You're right to fear a second dot-com crash, says Intel VC boss

Chip giant's investment wing looks abroad as tech bubble grows

ICGS Fears of another technology startup bubble bursting are "legitimate," says the outgoing head of Intel's venture capital arm.

As a result, the chip biz is playing it safe in "overheated sectors" of the market, and looking overseas for the next big thing.

It's not widely known but Intel Capital is one of the largest venture capitalists operating in the technology sector. In the late 1980s, Intel treasurer Arvind Sodhani convinced then-Intel CEO Andy Grove to start the fund, and now it's spending hundreds of millions of dollars a year on startups.

Sodhani has been president of Intel Capital since 2005, and will retire from his post in January. After that, he'll start life as a private VC while tending a vineyard in California's Napa Valley producing a vintage that bears his name.

He said there is a "legitimate concern" that an unstable tech bubble is forming, but some investors – like, say, Intel Capital – are wary of another dot-com crash.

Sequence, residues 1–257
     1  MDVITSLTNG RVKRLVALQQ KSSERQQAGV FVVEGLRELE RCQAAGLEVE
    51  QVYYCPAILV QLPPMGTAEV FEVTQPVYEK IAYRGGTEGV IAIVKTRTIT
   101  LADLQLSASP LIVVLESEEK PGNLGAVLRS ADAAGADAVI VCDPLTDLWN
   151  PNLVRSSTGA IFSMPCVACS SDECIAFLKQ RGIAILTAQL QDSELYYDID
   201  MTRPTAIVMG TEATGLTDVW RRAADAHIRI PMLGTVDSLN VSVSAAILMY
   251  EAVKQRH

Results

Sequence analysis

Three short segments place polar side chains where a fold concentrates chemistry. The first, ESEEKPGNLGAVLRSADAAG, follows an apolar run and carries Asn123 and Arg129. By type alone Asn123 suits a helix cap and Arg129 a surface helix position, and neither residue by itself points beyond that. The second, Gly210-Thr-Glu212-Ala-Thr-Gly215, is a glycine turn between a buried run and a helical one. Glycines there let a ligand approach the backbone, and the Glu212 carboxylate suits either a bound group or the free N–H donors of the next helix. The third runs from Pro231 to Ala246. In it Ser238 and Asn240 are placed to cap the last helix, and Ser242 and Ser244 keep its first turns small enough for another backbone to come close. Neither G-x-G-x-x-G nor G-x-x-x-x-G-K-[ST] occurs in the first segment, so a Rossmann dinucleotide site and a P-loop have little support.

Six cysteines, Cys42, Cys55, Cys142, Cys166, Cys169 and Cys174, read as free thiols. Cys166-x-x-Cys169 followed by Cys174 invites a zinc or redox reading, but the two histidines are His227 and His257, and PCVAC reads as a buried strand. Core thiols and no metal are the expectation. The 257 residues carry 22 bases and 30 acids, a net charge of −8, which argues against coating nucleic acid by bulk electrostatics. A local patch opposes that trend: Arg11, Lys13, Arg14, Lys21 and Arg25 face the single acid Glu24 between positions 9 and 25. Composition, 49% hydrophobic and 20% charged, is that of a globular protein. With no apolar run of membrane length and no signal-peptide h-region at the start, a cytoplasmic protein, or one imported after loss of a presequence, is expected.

"We've been very sensitive over the last two years," he told The Register at the Intel Capital Global Summit this week.

"It is a legitimate concern that valuations have become stressed and there's a lot of talk of an adjustment or a correction – not necessarily across the board but in certain sectors. We have been very careful to make sure we only invest at the correct valuation and not get carried away in overheated sectors."

Certainly Intel Capital isn't reducing its spending at the moment. Last year the biz invested $359m, and so far this year Intel's in for $490m. By the time he retires, Sodhani said that would rise to more than $500m a year.

His successor as president of Intel Capital is Wendell Brooks, who joined the company 18 months ago after spending 23 years as an investment banker in the US and Europe. Brooks was less circumspect, acknowledging that there is an issue, but said Intel should be able to avoid getting burned.

"In private market valuations today there is a disconnect with the public markets," he explained.

"There are more $1bn-plus unicorn valuations in the private market than we've ever had in history and the lowest, tightest IPO market. The public market is not valuing things the same way that the private market is. But the beauty of Intel capital is that we can invest in up cycles and down cycles."

Brooks may be right, but the stunning, and some would say, ludicrous amounts of money being spent these days on companies with very little in the way of a business plan suggests that there are rough times ahead for some startups – and those who invest in them.

The banker added that the Intel fund should diversify further outside of Silicon Valley. There were large opportunities in China and other overseas markets outside of California, and Intel will be investing millions in those areas, we're told. ®

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